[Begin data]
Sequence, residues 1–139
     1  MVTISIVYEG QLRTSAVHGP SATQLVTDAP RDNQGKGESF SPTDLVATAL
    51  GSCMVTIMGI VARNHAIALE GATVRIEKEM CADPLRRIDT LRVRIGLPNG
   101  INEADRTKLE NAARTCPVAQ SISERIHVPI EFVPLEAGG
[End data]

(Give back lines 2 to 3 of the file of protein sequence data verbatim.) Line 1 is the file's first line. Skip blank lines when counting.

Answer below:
     1  MVTISIVYEG QLRTSAVHGP SATQLVTDAP RDNQGKGESF SPTDLVATAL
    51  GSCMVTIMGI VARNHAIALE GATVRIEKEM CADPLRRIDT LRVRIGLPNG